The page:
Our students’ safety and wellbeing is our highest priority, and District 211 and the IHSA have guidelines regarding weather conditions that may be hazardous. This last school year, the IHSA adopted a new Play It Safe in the Heat guidelines for determining if conditions are safe for athletes to be compete and what modifications should be made during the athletic activity.
In response the new Play It Safe in the Heat guidelines, the Mid Suburban League (MSL) and District 211 have changed their weather guidelines to mirror those of the IHSA. The MSL will use a WetBulb Globe Temperature (WBGT) at the actual playing surface to obtain the most accurate data to determine if it is safe for athletes to compete. The WBGT is different from a “heat index” or a “feels like temperature”. Some common questions regarding WBGT are answered below.
What is Wet Bulb Globe Temperature?
The WetBulb Globe Temperature (WBGT) is a measure of the heat stress in direct sunlight, which takes into account: temperature, humidity, wind speed, sun angle and cloud cover (solar radiation). This differs from the heat index, which takes into consideration only temperature and humidity and is calculated for shady areas. Military agencies, OSHA and many nations use the WBGT as a guide to managing workload in direct sunlight. (National Weather Service Website)
Why the MSL change from the “heat index” to the “WBGT”?
The Illinois High School Association (IHSA), the governing body of high school athletics in Illinois, recently enacted a new heat guidelines that use the WGBT. In an effort to more closely align with the IHSA, the Mid Suburban League has adopted new heat guidelines. There are several advantages to using a WBGT. First, the WBGT can be taken at a specific location. Using heat index temperatures calculated from positions close to the school, but not at the school or on the actual playing surfaces, does not give as accurate a reading. Playing conditions can vary significantly depending upon the playing surface and its location. Second, the WBGT can be taken inside a venue to gather a heat action temperature reading. Currently we do not have a way to gather a heat index for an indoor location. Additionally, the WBGT uses other weather factors, such as wind and cloud cover, to calculate a more accurate “feels like” temperature. The WBGT is used by OSHA and the United States Military when determining temperature and determining if it is safe to work.
Why are the WBGT action temperatures lower than the heat index numbers?
Because WBGT will account for factors such as wind and cloud cover, the calculated action temperatures are actually lower than the previous heat index temperatures. Therefore, the corresponding action levels have been lowered to account for the change.
Why would a practice or contest be allowed to continue when a “heat index” indicates a potential danger?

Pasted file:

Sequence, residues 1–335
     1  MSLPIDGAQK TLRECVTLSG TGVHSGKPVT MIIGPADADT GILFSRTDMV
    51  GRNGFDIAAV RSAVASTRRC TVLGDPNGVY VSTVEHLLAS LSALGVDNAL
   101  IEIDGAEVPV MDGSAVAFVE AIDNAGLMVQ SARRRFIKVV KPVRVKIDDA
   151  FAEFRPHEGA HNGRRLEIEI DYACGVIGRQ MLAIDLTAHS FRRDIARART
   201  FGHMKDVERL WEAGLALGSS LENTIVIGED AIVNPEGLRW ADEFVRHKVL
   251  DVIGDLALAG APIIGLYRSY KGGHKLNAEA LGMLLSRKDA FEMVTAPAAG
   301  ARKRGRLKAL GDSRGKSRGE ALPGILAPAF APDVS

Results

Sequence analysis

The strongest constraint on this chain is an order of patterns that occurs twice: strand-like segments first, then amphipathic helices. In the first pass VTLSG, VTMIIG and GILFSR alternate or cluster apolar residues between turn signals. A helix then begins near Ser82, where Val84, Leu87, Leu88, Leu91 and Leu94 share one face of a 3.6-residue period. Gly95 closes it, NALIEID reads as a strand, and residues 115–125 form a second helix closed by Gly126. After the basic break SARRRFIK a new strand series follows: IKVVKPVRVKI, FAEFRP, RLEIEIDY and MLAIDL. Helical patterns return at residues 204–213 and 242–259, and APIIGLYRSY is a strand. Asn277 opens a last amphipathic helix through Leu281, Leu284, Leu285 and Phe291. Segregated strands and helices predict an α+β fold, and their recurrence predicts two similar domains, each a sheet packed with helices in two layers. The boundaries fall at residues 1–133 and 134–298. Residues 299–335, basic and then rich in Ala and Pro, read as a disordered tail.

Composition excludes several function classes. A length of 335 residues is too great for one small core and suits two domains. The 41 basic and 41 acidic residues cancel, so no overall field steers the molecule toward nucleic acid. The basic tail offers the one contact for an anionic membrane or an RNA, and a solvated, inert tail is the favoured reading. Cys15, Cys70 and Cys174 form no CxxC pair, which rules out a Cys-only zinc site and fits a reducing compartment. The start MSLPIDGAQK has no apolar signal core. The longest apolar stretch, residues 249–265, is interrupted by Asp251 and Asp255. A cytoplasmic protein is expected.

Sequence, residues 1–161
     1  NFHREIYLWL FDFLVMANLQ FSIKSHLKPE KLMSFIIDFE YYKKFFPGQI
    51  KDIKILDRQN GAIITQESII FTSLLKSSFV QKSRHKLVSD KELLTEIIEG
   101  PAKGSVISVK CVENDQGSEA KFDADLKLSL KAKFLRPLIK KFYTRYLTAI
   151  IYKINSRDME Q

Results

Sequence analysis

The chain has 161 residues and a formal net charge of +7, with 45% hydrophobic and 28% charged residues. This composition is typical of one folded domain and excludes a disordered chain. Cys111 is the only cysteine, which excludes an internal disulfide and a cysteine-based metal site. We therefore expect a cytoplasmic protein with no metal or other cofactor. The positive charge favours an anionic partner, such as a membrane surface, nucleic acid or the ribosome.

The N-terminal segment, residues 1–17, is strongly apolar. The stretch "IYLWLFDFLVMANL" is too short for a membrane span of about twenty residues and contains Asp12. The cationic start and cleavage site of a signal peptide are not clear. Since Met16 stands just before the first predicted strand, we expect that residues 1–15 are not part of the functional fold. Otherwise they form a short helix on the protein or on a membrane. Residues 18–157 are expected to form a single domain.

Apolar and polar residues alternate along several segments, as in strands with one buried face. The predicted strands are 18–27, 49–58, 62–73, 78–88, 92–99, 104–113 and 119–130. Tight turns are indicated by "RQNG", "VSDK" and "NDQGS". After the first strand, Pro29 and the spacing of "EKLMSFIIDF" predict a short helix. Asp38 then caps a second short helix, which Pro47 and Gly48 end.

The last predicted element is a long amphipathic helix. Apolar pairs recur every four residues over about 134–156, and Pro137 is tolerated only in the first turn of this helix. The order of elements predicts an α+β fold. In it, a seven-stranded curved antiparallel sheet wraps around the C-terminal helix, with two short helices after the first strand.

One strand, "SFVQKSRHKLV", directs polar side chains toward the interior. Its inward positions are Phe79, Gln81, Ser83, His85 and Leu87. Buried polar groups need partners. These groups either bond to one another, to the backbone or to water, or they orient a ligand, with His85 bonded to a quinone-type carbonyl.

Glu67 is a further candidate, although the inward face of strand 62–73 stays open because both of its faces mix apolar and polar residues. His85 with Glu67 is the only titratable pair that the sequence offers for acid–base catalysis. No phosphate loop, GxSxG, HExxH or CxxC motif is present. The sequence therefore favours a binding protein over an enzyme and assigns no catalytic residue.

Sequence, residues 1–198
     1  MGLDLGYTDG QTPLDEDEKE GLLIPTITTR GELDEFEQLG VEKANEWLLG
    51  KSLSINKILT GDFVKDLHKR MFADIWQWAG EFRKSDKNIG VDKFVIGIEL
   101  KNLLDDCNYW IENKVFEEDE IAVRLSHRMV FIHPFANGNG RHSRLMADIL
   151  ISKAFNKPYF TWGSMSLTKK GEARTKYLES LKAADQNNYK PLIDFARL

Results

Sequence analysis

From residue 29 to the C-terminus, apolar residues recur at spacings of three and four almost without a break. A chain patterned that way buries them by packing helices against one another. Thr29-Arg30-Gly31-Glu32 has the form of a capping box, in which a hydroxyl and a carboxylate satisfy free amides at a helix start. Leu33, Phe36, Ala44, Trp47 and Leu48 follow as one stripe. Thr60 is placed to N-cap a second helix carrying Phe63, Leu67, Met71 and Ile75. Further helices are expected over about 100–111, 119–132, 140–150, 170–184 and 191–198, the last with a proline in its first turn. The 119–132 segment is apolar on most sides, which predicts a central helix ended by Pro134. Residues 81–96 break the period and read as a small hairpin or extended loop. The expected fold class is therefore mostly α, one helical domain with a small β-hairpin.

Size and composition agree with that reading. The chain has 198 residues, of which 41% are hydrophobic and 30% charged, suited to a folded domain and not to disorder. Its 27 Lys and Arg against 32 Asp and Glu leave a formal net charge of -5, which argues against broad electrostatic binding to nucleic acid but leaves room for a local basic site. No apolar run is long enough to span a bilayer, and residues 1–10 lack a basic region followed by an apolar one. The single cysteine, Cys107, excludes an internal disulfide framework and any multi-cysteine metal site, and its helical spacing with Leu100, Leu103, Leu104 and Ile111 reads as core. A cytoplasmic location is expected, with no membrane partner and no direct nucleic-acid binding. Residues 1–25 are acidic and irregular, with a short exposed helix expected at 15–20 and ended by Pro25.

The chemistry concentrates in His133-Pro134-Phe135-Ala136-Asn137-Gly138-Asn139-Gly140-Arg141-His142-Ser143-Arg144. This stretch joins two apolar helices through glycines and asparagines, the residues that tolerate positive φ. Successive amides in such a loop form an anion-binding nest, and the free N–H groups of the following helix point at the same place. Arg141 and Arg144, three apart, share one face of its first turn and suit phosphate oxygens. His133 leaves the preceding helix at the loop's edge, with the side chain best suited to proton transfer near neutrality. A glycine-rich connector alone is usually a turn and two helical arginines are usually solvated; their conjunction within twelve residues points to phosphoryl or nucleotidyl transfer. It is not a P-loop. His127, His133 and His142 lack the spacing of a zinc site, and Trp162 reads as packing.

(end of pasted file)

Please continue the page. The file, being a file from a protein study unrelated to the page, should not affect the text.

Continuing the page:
Because the WBGT uses additional factors such as cloud cover, wind, and sun angle to calculate their reading, the OSHA has determined the WBGT is a more accurate representation of actual temperature and the effects on an individual. When using the WBGT, it is possible to continue an outdoor activity even when the “heat index” reading is elevated because wind speed and cloud cover will affect the WBGT reading but will have no effect on the “heat index”.
What if there is a conflict between WBGT and “heat index” readings? For example, the “heat index” says it is ok to play but the WBGT says practice should be canceled.
When a WBGT temperature is available, the decision to restrict or cancel practices and games will be based upon the WBGT readings and the restrictions table.
Protocol for Determining the WBGT Temperature
For the purposes of establishing temperature activity restrictions, WBGT readings will be taken on three different surfaces at the school site—grass, turf, and tennis courts. Decisions about play will be made separately for each surface based on that surface’s WBGT reading. If a team is practicing or competing at the school’s off-site facility (ex. golf or cross-country), the WBGT temperature taken on the grass surface at the school will be used to determine temperature activity restrictions at the off-site location.
The athletic trainer will take WBGT readings thirty minutes prior to the start of a game or thirty minutes prior to the start of the day’s activities. Once the initial reading is taken, WBGT readings will be taken at the time intervals designated by the plan until it has been determined the WBGT readings are below the yellow zone.
Minimum restrictions for athletic activity will be established thirty minutes prior to the start of activity. Readings will be recorded in writing and the records will be maintained within the athletics department. Use Table 1 (see below) with an on-site WBGT reading for appropriate exercise modifications during all indoor and outdoor athletic activities.